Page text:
In Honor of Workers’ Memorial Week, each day this week Citizen Vox will discuss the need for safe jobs and call attention to the ways the Trump administration is dismantling key worker health and safety protections.
Workers need an advocate in the White House. The Obama administration worked tirelessly to issue life-saving worker protections, such as the new silica and beryllium standards, and used targeted enforcement measures to hold employers accountable for keeping worksites safe.
The Trump administration has already set a markedly different tone for worker safety. While President Trump uses lofty rhetoric to claim he will fight for working people, his true priorities are with the business insiders. Public Citizen analysis revealed that Trump has met with nearly 200 corporate CEOs since taking office. In fact, a day-by-day review of Trump’s so far shows that virtually every day has been marked by a new, extraordinary grant of power to corporate interests and the enrichment of Trump’s private businesses.
Among Trump’s advisors and cabinet appointees, you’d be hard pressed to find a true advocate for worker health and safety. Let’s take a look at just a few of the people in Trump’s inner circle who have dubious records on worker issues:
Alexander Acosta, Labor Secretary
After the failed nomination of Andrew Puzder – a corporate CEO whose restaurants profited from worker exploitation – Trump had a second chance to earn the trust of American workers by appointing someone who would champion their rights at the Department of Labor.
Alexander Acosta is not that candidate. First of all, Acosta – who is expected to be confirmed by the U.S. Senate later this afternoon – has a resume that is noticeably empty on workers’ rights issues. In fact, a 2008 U.S. Department of Justice (DOJ) report revealed the politicization of hiring practices within DOJ’s Civil Rights Division during Mr. Acosta’s tenure, calling into question his ability to be an advocate for workers. What’s more, he was unable to take a strong stance on worker safety protections during his confirmation hearing. When Elizabeth Warren questioned him on whether he would uphold the silica rule, Acosta couldn’t commit to protecting workers from toxic silica dust.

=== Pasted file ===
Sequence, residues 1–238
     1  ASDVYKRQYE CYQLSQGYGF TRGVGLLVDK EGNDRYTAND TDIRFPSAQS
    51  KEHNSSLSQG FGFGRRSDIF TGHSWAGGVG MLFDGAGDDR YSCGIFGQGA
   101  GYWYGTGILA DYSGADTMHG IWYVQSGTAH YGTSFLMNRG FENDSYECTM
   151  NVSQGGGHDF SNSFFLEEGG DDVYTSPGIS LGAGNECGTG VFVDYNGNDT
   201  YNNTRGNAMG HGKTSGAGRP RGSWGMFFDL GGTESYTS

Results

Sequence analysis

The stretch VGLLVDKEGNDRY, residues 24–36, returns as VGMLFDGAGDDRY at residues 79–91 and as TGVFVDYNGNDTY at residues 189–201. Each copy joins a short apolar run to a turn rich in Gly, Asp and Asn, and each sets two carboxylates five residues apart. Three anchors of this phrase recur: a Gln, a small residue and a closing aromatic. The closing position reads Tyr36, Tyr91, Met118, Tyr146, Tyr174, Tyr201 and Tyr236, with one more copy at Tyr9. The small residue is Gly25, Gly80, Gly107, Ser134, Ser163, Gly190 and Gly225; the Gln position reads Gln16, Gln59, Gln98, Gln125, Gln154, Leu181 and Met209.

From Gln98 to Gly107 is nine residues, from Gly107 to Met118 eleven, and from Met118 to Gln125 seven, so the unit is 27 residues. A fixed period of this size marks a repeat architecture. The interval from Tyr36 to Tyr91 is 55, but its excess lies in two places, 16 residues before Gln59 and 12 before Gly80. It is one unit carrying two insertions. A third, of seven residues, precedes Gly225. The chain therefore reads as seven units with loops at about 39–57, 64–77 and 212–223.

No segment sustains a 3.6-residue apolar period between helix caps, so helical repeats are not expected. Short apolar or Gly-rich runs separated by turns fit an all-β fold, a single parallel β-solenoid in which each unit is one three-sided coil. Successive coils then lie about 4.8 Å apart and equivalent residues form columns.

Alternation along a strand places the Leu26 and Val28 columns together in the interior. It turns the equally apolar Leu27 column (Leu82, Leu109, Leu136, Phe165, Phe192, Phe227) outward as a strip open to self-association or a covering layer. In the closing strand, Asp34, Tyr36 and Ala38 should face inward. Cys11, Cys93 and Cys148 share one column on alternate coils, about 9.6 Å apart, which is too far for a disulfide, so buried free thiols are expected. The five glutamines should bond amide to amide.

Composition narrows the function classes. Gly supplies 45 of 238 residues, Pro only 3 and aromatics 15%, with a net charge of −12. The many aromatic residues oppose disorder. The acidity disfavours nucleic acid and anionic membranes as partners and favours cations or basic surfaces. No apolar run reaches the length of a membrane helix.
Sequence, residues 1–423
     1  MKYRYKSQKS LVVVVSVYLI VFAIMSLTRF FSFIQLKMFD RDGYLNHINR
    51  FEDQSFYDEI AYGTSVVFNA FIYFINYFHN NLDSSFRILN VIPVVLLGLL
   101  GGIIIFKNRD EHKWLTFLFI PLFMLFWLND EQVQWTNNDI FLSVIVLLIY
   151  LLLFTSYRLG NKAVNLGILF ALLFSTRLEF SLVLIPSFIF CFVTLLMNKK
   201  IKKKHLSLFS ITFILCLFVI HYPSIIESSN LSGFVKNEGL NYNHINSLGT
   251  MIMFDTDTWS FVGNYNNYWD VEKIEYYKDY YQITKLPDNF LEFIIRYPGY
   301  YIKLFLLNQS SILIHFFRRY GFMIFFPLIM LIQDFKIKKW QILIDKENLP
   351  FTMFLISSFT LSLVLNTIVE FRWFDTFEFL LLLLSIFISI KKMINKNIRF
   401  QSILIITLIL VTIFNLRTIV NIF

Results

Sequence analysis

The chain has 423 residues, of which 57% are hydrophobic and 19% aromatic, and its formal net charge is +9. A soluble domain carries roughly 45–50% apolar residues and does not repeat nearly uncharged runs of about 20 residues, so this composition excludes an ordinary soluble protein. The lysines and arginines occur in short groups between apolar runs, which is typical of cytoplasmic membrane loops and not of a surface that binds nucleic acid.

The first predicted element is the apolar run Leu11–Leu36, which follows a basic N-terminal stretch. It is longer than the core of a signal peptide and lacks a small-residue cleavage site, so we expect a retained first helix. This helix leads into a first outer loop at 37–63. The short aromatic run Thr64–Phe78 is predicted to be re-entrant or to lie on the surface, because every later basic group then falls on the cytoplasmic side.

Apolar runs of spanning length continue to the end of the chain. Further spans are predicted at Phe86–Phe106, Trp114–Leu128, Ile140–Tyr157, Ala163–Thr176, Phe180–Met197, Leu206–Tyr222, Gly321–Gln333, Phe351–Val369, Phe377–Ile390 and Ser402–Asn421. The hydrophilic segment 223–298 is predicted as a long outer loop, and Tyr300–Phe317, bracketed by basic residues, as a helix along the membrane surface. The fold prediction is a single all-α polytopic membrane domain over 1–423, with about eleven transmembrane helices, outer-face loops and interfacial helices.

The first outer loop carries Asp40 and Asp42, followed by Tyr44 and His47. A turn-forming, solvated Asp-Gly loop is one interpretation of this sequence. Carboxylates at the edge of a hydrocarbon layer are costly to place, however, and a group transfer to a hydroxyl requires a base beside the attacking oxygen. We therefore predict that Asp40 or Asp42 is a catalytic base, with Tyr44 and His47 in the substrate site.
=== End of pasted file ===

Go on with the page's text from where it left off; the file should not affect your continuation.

Exposure to silica dust in the workplace causes silicosis, lung cancer, chronic pulmonary disease, and kidney disease. OSHA estimates that the silica rule will save over 600 lives and prevent more than 900 new cases of silicosis annually. A nominee who can’t commit to preventing lung cancer in workers is unfit to lead the labor department.
Carl Icahn, Special Advisor on Regulatory Reform
The Trump administration has made no secret about its goals to dismantle regulations meant to safeguard working families, the environment, and consumers. For example, Trump signed an executive order mandating that agencies eliminate two public protections for every new regulation issued. Public Citizen and allied advocacy groups recently filed a lawsuit to block this unconstitutional move.
Top advisors in Trump’s cabinet like Carl Icahn are likely to aid him in rolling back regulations, with severe consequences for workers and families. By tapping Icahn to be a special advisor for regulatory reform matters, President Trump chose a corporate raider who has cost thousands of workers their jobs and cost thousands of families their retirement and health benefits.